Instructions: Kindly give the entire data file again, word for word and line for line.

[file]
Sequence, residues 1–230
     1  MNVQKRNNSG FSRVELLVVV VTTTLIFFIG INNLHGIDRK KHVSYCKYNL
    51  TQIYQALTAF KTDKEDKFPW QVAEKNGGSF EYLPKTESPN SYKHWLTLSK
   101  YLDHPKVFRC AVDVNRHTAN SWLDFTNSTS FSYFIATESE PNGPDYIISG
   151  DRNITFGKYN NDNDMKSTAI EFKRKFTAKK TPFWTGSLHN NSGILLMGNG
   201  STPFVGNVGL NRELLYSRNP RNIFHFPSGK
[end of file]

Sequence, residues 1–230
     1  MNVQKRNNSG FSRVELLVVV VTTTLIFFIG INNLHGIDRK KHVSYCKYNL
    51  TQIYQALTAF KTDKEDKFPW QVAEKNGGSF EYLPKTESPN SYKHWLTLSK
   101  YLDHPKVFRC AVDVNRHTAN SWLDFTNSTS FSYFIATESE PNGPDYIISG
   151  DRNITFGKYN NDNDMKSTAI EFKRKFTAKK TPFWTGSLHN NSGILLMGNG
   201  STPFVGNVGL NRELLYSRNP RNIFHFPSGK